When farmers eventually get into the field to produce forage, running accurate machinery that has been precisely set up, is key to reducing impurities and improving forage quality.

The wet winter across Scotland has highlighted the importance of quality forage to sustain livestock conditions when housing indoors and reduce the dependence on external feed costs. Lessening impurities at harvest allows farmers to maximise the quality of the forage produced and this starts with operating the correct machinery.

According to Rhodri Jenkins, grassland product specialist at Kuhn Farm Machinery, now is the time for farmers to be assessing their harvesting machinery.

The Scottish Farmer: Rhodri JenkinsRhodri Jenkins

“Reliability is such an important factor and regular maintenance and replacement to run modern implements with innovative technology will continually help to reduce contamination. Farmers may be considering changing from a rake to a merger, introducing a baler wrapper combination, or contemplating film binding. All of these are modern ways to reduce impurities in the forage.”

Rhodri advises assessing the whole system before the season begins, to allow farmers to familiarise themselves with any changes and maximise the benefits. Part of this could be moving to wider machinery for extra capacity to beat the weather windows, or changing to a modern tedder, with improved ground adaption to reduce impurities in the forage.

“Tedders are often seen as a small part of the system, but poor tedding is an easy way for contamination to enter the forage. Setting up a tedder correctly is key to prevent tines contacting the ground and releasing dust, stones, and soil.”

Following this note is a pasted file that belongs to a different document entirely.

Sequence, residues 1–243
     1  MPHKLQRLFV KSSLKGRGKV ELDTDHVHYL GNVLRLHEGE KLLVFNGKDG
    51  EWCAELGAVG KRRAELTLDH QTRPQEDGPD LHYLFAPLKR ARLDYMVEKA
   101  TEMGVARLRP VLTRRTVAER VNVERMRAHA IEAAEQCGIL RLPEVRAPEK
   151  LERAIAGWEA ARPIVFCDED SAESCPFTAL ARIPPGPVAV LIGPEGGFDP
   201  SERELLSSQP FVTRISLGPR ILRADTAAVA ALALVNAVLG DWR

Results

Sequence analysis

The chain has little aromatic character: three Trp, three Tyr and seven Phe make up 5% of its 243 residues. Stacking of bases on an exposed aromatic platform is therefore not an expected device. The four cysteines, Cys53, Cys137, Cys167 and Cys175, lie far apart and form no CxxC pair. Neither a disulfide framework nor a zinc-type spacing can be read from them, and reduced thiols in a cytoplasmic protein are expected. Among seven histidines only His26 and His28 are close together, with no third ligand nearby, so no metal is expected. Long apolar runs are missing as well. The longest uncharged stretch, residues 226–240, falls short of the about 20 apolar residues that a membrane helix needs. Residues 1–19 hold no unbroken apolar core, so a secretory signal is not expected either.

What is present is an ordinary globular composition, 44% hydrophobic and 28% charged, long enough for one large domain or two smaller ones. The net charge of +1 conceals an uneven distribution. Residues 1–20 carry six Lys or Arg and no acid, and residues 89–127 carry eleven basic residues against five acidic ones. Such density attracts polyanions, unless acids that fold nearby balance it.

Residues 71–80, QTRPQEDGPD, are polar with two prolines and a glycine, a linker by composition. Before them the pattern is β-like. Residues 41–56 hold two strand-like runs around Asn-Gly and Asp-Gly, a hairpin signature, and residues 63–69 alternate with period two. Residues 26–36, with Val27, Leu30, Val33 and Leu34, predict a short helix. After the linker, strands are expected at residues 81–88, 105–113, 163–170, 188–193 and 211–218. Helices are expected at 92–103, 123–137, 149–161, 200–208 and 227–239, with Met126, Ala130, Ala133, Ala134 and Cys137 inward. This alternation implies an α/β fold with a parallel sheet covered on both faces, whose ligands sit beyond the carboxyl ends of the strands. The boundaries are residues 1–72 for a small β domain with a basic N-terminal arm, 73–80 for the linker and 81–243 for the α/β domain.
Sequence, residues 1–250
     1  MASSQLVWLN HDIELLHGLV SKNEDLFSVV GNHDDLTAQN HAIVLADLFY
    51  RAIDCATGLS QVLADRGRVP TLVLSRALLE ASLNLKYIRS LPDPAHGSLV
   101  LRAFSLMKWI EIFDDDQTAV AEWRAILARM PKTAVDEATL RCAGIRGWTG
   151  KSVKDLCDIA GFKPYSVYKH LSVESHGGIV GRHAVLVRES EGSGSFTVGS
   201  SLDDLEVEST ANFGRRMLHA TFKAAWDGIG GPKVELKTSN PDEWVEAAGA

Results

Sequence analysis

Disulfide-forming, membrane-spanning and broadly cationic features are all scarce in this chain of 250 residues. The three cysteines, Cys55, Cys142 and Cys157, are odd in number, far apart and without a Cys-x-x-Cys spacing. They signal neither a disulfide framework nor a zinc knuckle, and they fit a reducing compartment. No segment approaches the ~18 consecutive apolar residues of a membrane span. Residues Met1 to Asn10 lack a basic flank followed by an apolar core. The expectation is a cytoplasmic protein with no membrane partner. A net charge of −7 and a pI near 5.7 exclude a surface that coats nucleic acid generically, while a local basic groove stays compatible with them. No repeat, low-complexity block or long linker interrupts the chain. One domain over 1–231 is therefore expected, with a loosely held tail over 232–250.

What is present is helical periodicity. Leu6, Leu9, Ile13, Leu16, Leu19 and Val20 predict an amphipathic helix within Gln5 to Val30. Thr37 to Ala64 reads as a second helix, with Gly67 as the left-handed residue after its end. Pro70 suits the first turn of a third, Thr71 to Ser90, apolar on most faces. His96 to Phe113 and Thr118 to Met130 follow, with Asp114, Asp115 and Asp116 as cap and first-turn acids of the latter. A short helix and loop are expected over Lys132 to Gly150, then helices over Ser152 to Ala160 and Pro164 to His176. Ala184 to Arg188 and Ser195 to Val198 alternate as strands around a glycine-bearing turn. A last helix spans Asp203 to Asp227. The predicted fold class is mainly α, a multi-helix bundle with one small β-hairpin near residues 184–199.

Features such as Kuhn’s ground save control allow individual rotors on tedders, up to 17m wide, to oscillate independently of the carrying chassis, which means they follow the ground contours, rather than the angle of the machine. Rhodri says the small rotors and wheel design offer 50% less scraping and a faster drying time.

The Scottish Farmer: Knowing how a new baler with film binding works before harvest can make a huge differenceKnowing how a new baler with film binding works before harvest can make a huge difference

Farmers should also consider if changing to an asymmetrical tine length with a longer outer tine, from an identical length twin pronged option, could be useful for their systems, as Rhodri explains.

“This design allows the longer tine to engage the forage earlier, lifting it away from the sward, before the inner, shorter tine clears the rest of the crop. It ensures a complete mix of forage for even drying, and all the forage is gathered in from headlands.”

Adjusting cutting height for different crops and fields is so important for users mowing different areas. The wet weather will have affected some fields more than others, while there could also be wheelings that are larger than normal, so assessing the conditions before firing up the mowers is key. Rhodri says it isn’t only contamination that could be at risk either.

“Mowing blades contacting the soil will almost certainly bring impurities into the forage, but operators also risk damage to machinery and potentially unnecessary downtime at a key time of the year. Setting up implements for the conditions is crucial.”

The final area in forage preparation is rowing up for a following forager or baler, and, many farmers are considering belt mergers to replace rakes to reduce impurities.

“An incorrectly set up rake could allow stones and debris to enter the swath as it moves material across the top of the sward. In comparison, a belt merger employs a pickup reel to flick crop onto a belt to deposit it into a row, with the belt transporting the forage and not the sward.”

Mergers can also allow farmers to increase working speeds by up to 3kph with various working angles on the suspension system to reduce sward damage. It offers farmers a way to move forage into the swath that is free from impurities, he said.